OK, it’s decided then: September can take a hike, for all we care. Maybe everyone hates going back to school (or work). But before we write off the month based on three decades of history you may want to know this: September was about 50/50, as 16 of 31 Septembers were negative. And some Septembers were so infamously bad that they skewed the results badly. Here we have all the Septembers since 1990 listed, with terrible Septembers falling in 1990 and 2000 through 2002, then in 2008 and 2011.

MAPSignals Monthly Returns Table4

Graphs are for illustrative and discussion purposes only. Please read important disclosures at the end of this commentary.

But look what happens if we remove just 2001 and 2002:  We flip-flop to a strong month.

MAPSignals Monthly Returns Table5

Graphs are for illustrative and discussion purposes only. Please read important disclosures at the end of this commentary.

In fact, if we plop these results into our monthly chart before we see a different picture:

MAPSignals Monthly Returns Table6

Graphs are for illustrative and discussion purposes only. Please read important disclosures at the end of this commentary.

I think all of us wish we could just erase certain moments (or months) of our lives… if only. But alas we can’t, so wiping away two bad market months is not realistic. Will this September be a miss-worthy month? We may find clues in August. Normally, August is blah to weak. But this year, the month was surprisingly awesome. By now we should know history is a guide to what could be, not what will be.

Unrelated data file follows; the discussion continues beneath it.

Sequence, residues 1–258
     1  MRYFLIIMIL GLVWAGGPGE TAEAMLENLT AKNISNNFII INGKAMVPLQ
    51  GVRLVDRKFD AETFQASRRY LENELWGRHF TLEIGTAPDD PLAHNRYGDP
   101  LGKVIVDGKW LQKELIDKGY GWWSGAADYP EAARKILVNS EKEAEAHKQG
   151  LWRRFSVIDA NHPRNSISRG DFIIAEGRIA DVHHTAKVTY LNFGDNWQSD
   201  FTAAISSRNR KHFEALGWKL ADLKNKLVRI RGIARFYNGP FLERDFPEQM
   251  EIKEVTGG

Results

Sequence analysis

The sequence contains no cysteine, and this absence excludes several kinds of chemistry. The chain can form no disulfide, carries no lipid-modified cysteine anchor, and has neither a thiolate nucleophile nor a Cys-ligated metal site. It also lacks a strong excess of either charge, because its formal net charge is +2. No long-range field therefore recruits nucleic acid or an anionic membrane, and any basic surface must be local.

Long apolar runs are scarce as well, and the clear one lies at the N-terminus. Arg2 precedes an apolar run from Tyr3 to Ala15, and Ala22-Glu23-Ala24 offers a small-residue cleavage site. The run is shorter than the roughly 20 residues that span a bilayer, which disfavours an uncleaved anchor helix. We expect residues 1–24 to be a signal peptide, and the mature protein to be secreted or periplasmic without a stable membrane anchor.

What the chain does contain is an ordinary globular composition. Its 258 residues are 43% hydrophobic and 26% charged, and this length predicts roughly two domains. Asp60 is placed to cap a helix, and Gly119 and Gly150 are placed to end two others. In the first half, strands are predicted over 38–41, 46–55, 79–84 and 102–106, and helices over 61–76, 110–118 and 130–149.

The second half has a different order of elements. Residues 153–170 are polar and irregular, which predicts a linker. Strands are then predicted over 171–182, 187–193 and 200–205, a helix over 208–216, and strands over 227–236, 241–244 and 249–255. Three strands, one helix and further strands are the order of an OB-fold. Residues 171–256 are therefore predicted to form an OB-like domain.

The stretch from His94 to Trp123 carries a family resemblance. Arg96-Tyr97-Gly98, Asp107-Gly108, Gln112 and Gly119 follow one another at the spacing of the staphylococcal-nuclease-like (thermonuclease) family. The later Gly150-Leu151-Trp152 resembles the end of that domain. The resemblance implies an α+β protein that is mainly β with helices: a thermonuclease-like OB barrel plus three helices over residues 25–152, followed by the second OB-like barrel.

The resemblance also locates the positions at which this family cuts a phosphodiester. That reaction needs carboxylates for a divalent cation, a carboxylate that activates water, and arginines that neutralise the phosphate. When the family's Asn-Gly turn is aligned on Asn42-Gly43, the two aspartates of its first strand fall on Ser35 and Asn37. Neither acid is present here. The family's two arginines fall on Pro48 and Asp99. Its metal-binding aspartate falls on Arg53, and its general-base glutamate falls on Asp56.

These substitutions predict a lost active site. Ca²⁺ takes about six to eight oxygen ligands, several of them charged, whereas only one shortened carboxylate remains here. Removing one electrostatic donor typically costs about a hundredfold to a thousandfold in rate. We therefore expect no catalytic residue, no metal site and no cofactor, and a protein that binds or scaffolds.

MAPSignals Monthly Returns Table7

Graphs are for illustrative and discussion purposes only. Please read important disclosures at the end of this commentary.

Before you feel frustrated – like we didn’t get anywhere – let’s try and frame up a context for what is likely coming. For that, we should look to Big Money investors. The simplest gauge for that is the Big Money Index (BMI), which essentially is a money flow indicator. When it goes up, we typically expect higher prices in the market. When it falls, we typically expect lower markets. Below is a chart of the BMI:

BIG Money Index Chart

Graphs are for illustrative and discussion purposes only. Please read important disclosures at the end of this commentary.

Remember that August’s falling BMI did not correspond with a falling S&P 500, though two indexes fell:

BMI Small Table

Graphs are for illustrative and discussion purposes only. Please read important disclosures at the end of this commentary.

Last month saw the BMI correlate to the Russell 2000 as there was a rotation into large cap out of small caps. But what’s interesting about the chart above is the sudden trough of the BMI: since August 19th it’s been up and away. And what’s more interesting to me is what is getting bought. Last week saw huge buying in Real Estate, technology, Communications, and Healthcare stocks. These are stocks that have felt the pressure over the frustrating summer months – and also headed into Labor Day weekend.

MapSignals Sector Rankings Table

Graphs are for illustrative and discussion purposes only. Please read important disclosures at the end of this commentary.